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Learn About 5 Common Failures That Cause Water Damage in Residences

The old adage of "prevention is the best medicine" applies to more than just healthcare

Published: June 2, 2020

By: David C. Neidig, B.Sc.

We have engineers who specialize in determining the origin and cause of water losses.  Knott Laboratory has years of experience performing site inspections and laboratory testing.  In these times of stay at home and stay safe, the old adage of “prevention is the best medicine” applies to more than just healthcare.  With more people spending time at home, now is a good time to consider loss prevention and Knott Laboratory engineers have five commonly observed failure locations to look for around the house.

1. Flexible Supply Lines


Most residential fixtures and appliances use rubber, plastic, or braided stainless steel jacketed flexible supply lines to connect to the home’s permanently installed plumbing system.  Knott Laboratory has examined supply lines from dishwashers, washing machines, refrigerators, water filters, water heaters, faucets, and toilets.   This value is based on typical service conditions and is designed to replace worn items before they fail.  The life expectancy of a supply line may be drastically affected by such things as: water chemistry, external chemical exposure, water pressure, and physical damage.  Consider inspecting all your supply lines for typical signs of degradation including cuts, nicks, gouges, cracking, blistering, damp spots/drips, or corrosion.

Did you know – Many manufacturers provide a recommended service life limit for flexible supply lines and often suggest replacement every five years?

Easy to correct, and often overlooked areas to consider are:

  • Faucet/Dishwasher Supply Lines: These lines are typically enclosed in a cabinet and are out-of-sight which makes dampness and drips easy to miss.  These locations are also frequently used for storage of household cleaning agents, which can be detrimental to the life expectancy of a supply line.  The cleaning agents can chemically attack the supply line from the outside as natural evaporation occurs and an over-crowded storage space may result in physical damage to the lines.
  • Toilet Supply Lines: Toilets utilizing a supply line with a plastic ballcock nut may be at a higher risk for a future water loss. These fittings are typically designed to be hand-tightened to the toilet fill valve connection.  Over tightening during installation may be one factor that leads to creep failure of the plastic nut.  In some homes, plastic nuts made using acetal, typically characterized by a translucent white appearance, are especially susceptible to degradation due to chemical embrittlement and physical stresses.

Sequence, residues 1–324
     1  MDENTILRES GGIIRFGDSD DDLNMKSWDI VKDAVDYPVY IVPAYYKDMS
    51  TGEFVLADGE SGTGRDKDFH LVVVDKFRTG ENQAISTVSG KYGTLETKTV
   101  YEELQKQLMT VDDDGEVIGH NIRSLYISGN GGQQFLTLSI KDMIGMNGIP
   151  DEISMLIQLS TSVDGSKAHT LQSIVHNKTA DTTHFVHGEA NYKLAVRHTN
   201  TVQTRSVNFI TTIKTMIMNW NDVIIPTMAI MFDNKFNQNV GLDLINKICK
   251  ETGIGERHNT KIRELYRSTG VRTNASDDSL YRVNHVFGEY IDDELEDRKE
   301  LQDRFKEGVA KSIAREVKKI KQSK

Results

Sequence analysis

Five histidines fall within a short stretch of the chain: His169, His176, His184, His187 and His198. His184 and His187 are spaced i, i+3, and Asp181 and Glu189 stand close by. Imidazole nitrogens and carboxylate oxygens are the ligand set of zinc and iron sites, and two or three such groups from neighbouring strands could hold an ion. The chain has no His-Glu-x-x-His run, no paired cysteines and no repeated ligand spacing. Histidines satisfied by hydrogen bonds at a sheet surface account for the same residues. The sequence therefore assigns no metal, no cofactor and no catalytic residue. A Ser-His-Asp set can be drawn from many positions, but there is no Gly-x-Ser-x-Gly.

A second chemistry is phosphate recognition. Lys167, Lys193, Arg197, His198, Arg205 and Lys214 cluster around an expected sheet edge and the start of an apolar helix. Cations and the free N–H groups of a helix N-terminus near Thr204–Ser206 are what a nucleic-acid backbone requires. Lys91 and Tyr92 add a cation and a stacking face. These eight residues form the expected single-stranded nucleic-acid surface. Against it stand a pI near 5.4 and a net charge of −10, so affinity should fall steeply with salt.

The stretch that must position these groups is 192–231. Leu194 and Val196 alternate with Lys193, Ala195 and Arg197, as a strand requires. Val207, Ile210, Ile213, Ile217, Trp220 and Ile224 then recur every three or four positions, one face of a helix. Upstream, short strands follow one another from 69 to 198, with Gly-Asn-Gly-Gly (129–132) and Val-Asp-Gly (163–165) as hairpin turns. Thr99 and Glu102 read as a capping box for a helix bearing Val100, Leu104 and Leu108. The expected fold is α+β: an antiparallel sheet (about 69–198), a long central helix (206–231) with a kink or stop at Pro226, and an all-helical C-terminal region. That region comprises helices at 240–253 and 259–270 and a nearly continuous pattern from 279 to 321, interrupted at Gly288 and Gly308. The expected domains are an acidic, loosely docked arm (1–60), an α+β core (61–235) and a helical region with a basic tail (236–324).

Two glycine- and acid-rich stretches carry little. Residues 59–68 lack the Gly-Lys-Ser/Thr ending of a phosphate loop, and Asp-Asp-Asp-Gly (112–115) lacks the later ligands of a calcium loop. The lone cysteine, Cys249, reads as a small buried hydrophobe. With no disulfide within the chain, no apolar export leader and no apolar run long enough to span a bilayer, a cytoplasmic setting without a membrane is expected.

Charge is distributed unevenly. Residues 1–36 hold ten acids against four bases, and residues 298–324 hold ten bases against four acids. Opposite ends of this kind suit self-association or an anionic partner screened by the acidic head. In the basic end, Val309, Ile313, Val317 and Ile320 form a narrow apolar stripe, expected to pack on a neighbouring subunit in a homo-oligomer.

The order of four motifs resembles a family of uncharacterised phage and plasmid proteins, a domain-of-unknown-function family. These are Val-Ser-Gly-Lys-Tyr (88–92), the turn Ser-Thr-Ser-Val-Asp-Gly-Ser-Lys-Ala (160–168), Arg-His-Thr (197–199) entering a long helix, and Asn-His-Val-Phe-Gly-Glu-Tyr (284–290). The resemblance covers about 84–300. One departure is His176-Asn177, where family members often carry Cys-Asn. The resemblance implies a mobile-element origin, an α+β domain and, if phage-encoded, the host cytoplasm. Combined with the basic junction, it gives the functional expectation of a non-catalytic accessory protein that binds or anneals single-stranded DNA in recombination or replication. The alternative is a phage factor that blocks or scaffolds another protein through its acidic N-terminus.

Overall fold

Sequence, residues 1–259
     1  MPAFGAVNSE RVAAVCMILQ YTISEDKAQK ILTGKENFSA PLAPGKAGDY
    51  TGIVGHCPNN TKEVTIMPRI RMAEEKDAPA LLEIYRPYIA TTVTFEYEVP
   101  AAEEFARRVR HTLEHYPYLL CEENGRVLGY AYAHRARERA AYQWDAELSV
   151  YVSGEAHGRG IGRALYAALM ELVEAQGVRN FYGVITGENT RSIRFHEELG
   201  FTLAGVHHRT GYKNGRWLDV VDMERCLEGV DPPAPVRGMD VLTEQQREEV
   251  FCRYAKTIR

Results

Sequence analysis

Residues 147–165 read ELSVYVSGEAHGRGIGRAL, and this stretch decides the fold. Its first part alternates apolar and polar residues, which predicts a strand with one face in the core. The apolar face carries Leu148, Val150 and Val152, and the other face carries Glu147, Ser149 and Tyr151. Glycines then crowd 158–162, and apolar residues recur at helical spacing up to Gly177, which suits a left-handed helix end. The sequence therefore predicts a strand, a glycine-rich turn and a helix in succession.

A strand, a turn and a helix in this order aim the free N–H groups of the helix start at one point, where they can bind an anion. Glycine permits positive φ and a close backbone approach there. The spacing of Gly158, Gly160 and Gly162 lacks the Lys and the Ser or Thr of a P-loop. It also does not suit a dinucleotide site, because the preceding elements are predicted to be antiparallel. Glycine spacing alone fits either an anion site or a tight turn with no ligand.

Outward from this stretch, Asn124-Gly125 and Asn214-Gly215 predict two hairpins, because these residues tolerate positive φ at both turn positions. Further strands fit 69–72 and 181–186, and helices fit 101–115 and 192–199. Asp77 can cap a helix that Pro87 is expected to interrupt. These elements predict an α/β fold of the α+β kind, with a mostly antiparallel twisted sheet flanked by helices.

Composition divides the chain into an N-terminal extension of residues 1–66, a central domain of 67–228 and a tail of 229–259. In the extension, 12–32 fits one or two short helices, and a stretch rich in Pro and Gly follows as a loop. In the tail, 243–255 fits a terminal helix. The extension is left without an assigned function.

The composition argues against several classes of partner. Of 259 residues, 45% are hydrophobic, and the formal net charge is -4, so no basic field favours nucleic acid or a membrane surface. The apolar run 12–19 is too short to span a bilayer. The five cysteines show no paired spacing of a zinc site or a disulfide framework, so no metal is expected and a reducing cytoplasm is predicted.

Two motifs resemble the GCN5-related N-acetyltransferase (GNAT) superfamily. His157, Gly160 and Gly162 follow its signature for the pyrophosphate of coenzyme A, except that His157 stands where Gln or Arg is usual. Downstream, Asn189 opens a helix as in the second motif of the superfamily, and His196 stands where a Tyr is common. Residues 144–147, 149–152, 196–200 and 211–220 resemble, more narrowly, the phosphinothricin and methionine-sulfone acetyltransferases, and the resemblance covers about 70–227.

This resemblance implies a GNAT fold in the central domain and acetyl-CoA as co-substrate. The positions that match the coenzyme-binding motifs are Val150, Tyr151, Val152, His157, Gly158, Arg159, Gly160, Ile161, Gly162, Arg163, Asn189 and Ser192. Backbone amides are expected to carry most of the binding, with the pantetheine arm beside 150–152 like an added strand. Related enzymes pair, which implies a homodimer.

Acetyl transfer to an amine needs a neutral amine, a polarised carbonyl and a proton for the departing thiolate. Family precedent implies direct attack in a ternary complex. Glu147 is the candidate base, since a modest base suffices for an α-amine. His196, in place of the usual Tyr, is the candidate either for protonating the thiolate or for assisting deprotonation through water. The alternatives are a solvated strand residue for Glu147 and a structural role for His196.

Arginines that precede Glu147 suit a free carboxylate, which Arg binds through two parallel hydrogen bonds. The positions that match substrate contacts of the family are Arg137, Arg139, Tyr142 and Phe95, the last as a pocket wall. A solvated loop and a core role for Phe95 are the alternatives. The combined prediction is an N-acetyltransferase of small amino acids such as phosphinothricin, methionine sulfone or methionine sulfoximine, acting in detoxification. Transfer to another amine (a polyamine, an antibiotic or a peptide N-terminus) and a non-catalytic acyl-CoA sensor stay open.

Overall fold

• Refrigerator/Water Filter Supply Lines: These lines are often plastic and use push-to-connect fittings or compression nuts.  As with faucet lines, they are frequently located in out-of-site areas and they are rarely inspected.  Common modes of failure are embrittlement (cracking) from chemicals in the water or a nearby heat source, or stress from physical damage such as pinching or bending.


2. Water Filters


Typical residential water filter applications are point-of-entry (POE) and point-of-use (POU). POE systems are typically located at or near the water supply entry for the home and are intended to condition the water for the entire residence. Typical failures associated with POE applications are high water pressure and environmental stress cracking of the plastic sumps (filter housings).

Did you know – Some sump manufacturer’s recommend replacement of clear sumps every five years and opaque sumps every ten years? 

If you are not sure how old a sump is, try looking on the bottom during the next routine cleaning and media change.  There is often a circular stamping in the plastic which indicate when the item was manufactured.  While the sump is out for cleaning, be sure to use a strong light source and examine the housing, especially the interior and around threads, for cracking.  And remember, clean and re-install in accordance with the manufacture’s recommendations, harsh chemicals and/or over tightening will almost certainly lead to accelerated degradation of the plastic. POU systems perform a similar function, however water is typically conditioned for only a single source/tap.  POU systems which use disposable all-in-one cartridges (think refrigerator water filters) help to reduce or eliminate sump failures; however, the head units may be damaged by over tightening or physical contact during installation.  Other modes of failure include filters which are not routinely changed and experience degradation of the plastic body and/or of the rubber seals (O-rings), and flexible supply lines which may become physically damaged or chemically embrittled.  Always label the water filter in accordance with the manufacturer’s recommendation using the installation date or the end-of-life date, so it is clear when it is time to change it!

3. Storage Tank Water Heaters